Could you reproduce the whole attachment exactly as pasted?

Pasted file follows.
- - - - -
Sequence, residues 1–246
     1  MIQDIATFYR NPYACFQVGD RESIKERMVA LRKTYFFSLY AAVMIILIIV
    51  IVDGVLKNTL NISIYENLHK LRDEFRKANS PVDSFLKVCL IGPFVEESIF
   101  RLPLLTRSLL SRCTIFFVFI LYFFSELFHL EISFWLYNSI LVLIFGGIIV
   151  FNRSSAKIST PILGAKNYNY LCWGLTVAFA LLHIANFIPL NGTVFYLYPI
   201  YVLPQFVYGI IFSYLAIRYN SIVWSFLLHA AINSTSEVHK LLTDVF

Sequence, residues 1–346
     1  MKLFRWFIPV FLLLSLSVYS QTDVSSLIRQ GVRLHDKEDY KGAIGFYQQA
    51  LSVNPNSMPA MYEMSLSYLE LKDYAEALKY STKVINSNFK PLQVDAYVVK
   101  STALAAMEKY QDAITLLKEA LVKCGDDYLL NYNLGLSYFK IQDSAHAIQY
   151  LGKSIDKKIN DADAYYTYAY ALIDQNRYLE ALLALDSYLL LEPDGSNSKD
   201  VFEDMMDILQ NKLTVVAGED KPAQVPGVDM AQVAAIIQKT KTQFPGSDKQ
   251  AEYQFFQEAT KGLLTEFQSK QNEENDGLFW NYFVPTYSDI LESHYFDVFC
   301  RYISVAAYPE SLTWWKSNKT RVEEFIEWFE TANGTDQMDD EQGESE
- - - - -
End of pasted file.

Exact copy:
Sequence, residues 1–246
     1  MIQDIATFYR NPYACFQVGD RESIKERMVA LRKTYFFSLY AAVMIILIIV
    51  IVDGVLKNTL NISIYENLHK LRDEFRKANS PVDSFLKVCL IGPFVEESIF
   101  RLPLLTRSLL SRCTIFFVFI LYFFSELFHL EISFWLYNSI LVLIFGGIIV
   151  FNRSSAKIST PILGAKNYNY LCWGLTVAFA LLHIANFIPL NGTVFYLYPI
   201  YVLPQFVYGI IFSYLAIRYN SIVWSFLLHA AINSTSEVHK LLTDVF

Sequence, residues 1–346
     1  MKLFRWFIPV FLLLSLSVYS QTDVSSLIRQ GVRLHDKEDY KGAIGFYQQA
    51  LSVNPNSMPA MYEMSLSYLE LKDYAEALKY STKVINSNFK PLQVDAYVVK
   101  STALAAMEKY QDAITLLKEA LVKCGDDYLL NYNLGLSYFK IQDSAHAIQY
   151  LGKSIDKKIN DADAYYTYAY ALIDQNRYLE ALLALDSYLL LEPDGSNSKD
   201  VFEDMMDILQ NKLTVVAGED KPAQVPGVDM AQVAAIIQKT KTQFPGSDKQ
   251  AEYQFFQEAT KGLLTEFQSK QNEENDGLFW NYFVPTYSDI LESHYFDVFC
   301  RYISVAAYPE SLTWWKSNKT RVEEFIEWFE TANGTDQMDD EQGESE